But, I DID IT! I first shared with the kids notes from Sarah about types of wood, measurement for tools of the fire kit, etc. Then we went outside to give it a whirl. While it did take me 40 minutes, the kids were enthralled from their first sight of smoke...and supportive and appreciative throughout. I cannot begin to tell you the fulfillment I felt when, placing the ember in the nest and gently blowing, the kids were totally silent; nor the exhilaration when, as the flame finally shot up, they clapped and cheered!
So, not only has Sarah and VOW helped me reach a life-long personal goal, you have given me a gift to share with others. I am forever humbled by your impact on my life and eternally grateful. I cannot wait to go to Doe Camp next year and find out what is the next momentous thing I will learn!
Martha Dukeshire Savageau
VOW Member and 06-07 Doe Camper Kathleen Greenmun leaves this month to spend two years in Botswana with the Peace Corps. She writes:
"Botswana is a country a little smaller in size than Texas, located just north of South Africa. The Kalahari Desert covers 70 percent of its land surface. Summers (November through April) are hot. Winters tend to get bitingly cold except in the most northern part. Rainfall is moderate from November to March and then, except occasionally in June and July, stops altogether.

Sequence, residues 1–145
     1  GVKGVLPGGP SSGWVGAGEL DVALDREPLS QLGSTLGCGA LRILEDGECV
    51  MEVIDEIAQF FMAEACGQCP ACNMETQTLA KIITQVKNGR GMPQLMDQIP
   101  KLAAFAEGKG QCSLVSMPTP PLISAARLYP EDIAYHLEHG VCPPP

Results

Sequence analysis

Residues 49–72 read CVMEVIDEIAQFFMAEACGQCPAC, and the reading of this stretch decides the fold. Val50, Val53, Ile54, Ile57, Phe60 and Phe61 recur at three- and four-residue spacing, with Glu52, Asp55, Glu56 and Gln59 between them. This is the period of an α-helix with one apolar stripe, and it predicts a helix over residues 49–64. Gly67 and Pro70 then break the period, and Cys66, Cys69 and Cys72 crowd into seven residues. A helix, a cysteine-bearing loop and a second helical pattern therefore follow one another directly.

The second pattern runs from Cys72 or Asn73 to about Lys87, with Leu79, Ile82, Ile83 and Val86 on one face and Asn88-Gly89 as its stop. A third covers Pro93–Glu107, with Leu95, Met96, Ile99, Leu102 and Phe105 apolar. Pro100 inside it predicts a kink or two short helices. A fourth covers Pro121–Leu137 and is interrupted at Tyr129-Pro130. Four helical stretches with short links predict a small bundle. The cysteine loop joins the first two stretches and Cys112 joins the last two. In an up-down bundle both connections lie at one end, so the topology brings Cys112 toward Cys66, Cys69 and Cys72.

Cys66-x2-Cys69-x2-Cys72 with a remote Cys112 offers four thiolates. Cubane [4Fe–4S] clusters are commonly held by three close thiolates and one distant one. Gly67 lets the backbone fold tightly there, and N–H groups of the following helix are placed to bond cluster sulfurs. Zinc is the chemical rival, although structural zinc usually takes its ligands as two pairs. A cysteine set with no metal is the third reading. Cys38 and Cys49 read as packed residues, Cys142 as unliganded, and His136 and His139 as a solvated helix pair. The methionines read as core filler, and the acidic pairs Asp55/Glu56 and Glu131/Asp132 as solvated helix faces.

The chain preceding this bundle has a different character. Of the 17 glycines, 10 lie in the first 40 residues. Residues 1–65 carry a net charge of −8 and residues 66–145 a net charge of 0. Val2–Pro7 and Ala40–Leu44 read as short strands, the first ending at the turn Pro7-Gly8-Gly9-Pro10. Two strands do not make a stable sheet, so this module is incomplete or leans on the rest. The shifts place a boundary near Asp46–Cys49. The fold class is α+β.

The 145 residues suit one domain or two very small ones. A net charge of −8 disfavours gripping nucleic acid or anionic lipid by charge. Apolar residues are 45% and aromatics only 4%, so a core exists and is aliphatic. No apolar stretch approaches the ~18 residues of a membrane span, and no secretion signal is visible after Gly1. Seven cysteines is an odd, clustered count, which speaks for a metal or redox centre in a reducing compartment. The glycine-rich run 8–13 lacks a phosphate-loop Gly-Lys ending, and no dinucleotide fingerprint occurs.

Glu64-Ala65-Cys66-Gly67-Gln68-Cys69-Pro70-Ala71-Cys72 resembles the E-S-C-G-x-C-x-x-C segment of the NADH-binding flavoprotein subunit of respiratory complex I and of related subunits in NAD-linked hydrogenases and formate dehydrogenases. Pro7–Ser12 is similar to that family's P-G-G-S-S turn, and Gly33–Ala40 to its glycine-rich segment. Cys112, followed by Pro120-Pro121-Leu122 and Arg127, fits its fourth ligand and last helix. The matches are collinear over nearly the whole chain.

I will be one of 15 volunteers in the "Life Skills Capacity Building" project and my title will be "Life Skills Technical Advisor." Botswana has the world's second highest HIV infection rate (after Swaziland). One out of three of its citizens is infected. 54 percent of women between the ages of 15 and 49 are infected. The life expectancy in 1990 was 64; in 2005 it was 34 which (along with Swaziland) is the shortest in the world. At current risk levels, UNAIDS projects that about 85% of 15 year old boys will be infected with HIV in their lifetime.